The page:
Tuesday, March 06, 2007

Earned Mercy Isn't

My teenagers were playing a friendly game of Mercy the other night. You've probably played it - you face off with someone, put your hands together, palm to palm, interlace fingers and then see who can bend the other's fingers and hand back to the point where the pain is intolerable, wrenching, squeezing, a stiff, disjointed dance for dominance that ends when someone cries out "Mercy!". And the point of the game is just that - though the dominant person has gained a position whereby he could inflict even further pain and injury to the opponent, at the cry of "mercy", mercy is indeed rendered and the tortured one's hand is released, usually with good-natured laughter and the appearance of a new challenger.

A friend's newsletter* noted that Mormon Apostle Richard G. Scott addressed the subject of mercy at the last LDS general conference (Oct. 2006). Since mercy is an essential facet of our relationship to God I was curious how it would be presented. Mercy by definition is "compassion or forbearance shown especially to an offender or to one subject to one's power; ... Mercy implies compassion that forbears punishing even when justice demands it."
[http://www.m-w.com/dictionary/mercy]

In short, mercy is not receiving the punishment we justly deserve. By definition mercy is both unearned and unmerited.

I pulled our Nov. 2006 Ensign to see what Elder Scott had to say, and noted the following:
If not resolved, broken laws can cause your life to be miserable and would keep you from returning to God. ...The demands of justice for broken law can be satisfied through mercy, earned by your continual repentance and obedience to the laws of God (p. 42).

Wait a minute, mercy earned by continual repentance and obedience? This is a troubling thought, but I'm late for a meeting, so I'll pick this up tomorrow, hopefully. Until then, feel free to meditate on Titus 3:5 which states:

he saved us, not because of righteous things we had done, but because of his mercy.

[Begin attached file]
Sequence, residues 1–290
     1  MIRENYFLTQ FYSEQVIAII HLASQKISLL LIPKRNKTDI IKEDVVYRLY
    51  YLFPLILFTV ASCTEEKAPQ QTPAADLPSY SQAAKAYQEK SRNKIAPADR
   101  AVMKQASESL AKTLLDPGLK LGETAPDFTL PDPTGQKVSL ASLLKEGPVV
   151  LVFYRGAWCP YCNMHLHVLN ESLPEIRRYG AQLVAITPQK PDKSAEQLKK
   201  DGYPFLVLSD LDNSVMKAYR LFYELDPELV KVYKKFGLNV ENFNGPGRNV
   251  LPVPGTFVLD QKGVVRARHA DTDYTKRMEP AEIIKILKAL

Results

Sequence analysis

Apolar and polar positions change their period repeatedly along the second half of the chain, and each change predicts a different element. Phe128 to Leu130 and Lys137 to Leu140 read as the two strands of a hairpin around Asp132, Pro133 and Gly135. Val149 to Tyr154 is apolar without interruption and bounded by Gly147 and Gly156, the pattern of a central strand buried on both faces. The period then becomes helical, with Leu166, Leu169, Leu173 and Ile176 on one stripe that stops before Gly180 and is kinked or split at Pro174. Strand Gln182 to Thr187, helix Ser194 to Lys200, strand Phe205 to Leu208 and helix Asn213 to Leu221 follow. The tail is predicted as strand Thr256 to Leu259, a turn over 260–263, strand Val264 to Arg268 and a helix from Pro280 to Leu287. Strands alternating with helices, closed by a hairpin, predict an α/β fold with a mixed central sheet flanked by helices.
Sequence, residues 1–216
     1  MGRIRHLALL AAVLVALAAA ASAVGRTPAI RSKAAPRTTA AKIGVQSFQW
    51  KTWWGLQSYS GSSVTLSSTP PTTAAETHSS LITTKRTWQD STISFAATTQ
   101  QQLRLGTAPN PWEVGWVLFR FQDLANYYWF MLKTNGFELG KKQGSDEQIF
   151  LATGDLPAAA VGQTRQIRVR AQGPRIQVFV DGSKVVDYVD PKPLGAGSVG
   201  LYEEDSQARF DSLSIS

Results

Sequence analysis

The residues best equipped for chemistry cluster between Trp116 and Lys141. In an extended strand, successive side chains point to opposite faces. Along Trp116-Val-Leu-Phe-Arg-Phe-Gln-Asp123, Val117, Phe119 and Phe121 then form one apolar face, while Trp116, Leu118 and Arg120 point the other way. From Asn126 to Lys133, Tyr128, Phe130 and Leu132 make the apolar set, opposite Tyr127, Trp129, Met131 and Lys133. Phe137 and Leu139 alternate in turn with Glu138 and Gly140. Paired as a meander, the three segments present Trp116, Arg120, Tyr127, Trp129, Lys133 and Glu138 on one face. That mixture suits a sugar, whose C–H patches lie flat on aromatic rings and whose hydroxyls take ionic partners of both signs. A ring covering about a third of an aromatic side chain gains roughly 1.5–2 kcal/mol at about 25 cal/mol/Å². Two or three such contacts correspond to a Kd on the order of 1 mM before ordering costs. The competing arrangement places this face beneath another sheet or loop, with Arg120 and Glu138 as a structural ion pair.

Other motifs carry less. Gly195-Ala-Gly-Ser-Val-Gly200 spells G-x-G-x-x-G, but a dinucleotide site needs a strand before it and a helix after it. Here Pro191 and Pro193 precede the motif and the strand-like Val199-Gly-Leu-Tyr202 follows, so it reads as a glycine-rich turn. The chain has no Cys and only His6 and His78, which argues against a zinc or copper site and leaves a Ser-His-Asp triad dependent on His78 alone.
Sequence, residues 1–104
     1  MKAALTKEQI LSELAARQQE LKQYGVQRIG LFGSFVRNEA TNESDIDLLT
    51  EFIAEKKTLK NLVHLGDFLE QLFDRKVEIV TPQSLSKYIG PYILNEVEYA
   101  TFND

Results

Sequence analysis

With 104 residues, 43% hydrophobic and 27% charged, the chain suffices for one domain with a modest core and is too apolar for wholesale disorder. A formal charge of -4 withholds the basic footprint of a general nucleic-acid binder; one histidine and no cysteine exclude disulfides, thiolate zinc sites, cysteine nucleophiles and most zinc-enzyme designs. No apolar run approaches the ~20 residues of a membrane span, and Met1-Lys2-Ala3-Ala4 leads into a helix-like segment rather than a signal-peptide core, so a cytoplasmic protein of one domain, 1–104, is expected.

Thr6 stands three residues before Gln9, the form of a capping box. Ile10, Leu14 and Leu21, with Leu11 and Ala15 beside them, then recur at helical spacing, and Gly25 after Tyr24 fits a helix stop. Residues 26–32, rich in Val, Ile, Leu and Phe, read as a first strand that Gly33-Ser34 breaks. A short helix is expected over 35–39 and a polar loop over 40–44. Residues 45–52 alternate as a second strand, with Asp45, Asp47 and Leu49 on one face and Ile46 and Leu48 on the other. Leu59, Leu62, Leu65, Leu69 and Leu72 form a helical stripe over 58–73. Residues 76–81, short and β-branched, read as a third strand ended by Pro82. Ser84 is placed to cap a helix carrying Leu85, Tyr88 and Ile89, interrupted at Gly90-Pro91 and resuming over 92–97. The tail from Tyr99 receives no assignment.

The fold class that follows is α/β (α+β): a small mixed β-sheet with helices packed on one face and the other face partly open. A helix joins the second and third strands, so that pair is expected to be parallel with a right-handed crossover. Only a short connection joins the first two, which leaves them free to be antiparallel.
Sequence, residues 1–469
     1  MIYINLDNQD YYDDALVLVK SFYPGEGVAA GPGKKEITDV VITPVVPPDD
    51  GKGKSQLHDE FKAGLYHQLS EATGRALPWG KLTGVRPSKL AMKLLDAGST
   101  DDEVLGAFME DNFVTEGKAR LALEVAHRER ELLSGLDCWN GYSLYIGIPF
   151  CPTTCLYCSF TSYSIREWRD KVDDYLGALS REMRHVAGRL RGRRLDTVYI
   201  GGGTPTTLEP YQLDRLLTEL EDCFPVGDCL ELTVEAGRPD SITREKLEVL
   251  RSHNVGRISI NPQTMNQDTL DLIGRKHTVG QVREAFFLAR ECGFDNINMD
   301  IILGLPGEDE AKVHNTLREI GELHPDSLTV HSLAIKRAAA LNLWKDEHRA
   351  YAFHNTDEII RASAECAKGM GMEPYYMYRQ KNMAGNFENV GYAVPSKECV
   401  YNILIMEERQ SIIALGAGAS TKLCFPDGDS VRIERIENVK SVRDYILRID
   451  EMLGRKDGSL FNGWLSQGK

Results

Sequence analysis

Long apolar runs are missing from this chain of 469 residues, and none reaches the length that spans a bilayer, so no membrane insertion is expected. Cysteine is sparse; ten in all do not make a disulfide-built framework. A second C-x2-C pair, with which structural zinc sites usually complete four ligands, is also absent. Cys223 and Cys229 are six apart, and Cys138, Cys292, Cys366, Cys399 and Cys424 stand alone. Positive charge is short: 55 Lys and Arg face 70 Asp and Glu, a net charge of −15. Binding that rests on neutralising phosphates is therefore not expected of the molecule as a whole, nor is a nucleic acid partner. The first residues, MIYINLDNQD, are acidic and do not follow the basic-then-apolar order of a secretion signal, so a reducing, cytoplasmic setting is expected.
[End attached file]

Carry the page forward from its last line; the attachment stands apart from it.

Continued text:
*(Mormonism Researched, Mar-Apr 2007)

3 comments:

rick b said...

Graceful posted If not resolved, broken laws can cause your life to be miserable and would keep you from returning to God. ...The demands of justice for broken law can be satisfied through mercy, earned by your continual repentance and obedience to the laws of God (p. 42).

If we break the laws, we can never do enough good works to solve the problem, this proves to be a problem for people who break Gods laws and only repent on their death bed, but in mormonism, their is no forgivness for people on their death beds.

So I read 1st John 1:7-9
1Jo 1:7 But if we walk in the light, as he is in the light, we have fellowship one with another, and the blood of Jesus Christ his Son cleanseth us from all sin.
1Jo 1:8 If we say that we have no sin, we deceive ourselves, and the truth is not in us.
1Jo 1:9 If we confess our sins, he is faithful and just to forgive us [our] sins, and to cleanse us from all unrighteousness.

Captain Kirk said...

Joel,

Captain Kirk (MIT-Talk screen name) here. This blog of your is an excellent idea. I like how you clearly make the point that mercy, and by extension grace, is unearnable. I can say without a doubt that the 15 years I spent as a mormon that I believed that any favor or blessing given to me by God was something that I earned. It was sort of like God was the CEO for whom I worked and the favors and blessings were the bonuses I got as part of my compensation package for doing the job and keeping the rules of mormonism. I truly am greatful that Jesus saved me from the LDS church 15 years ago and has restored a right relationship between God and me.

To think that I used to believe as taught by Elder Scott is anathema to me now. Praise God that I am free in Jesus now. Keep up the good work Joel.

JoelBG said...

Hi Capn,
Thanks for the encouragement - how cool that you've tasted true mercy and grace. It can be somewhat bittersweet in that we cannot truly appreciate the wonder of mercy until we see clearly the vastness, deepness and blackness of our own sin and how far we've fallen short of the glory of God we were made to reflect.

May you keep enjoying your freedom and mirroring grace in Jesus. Joel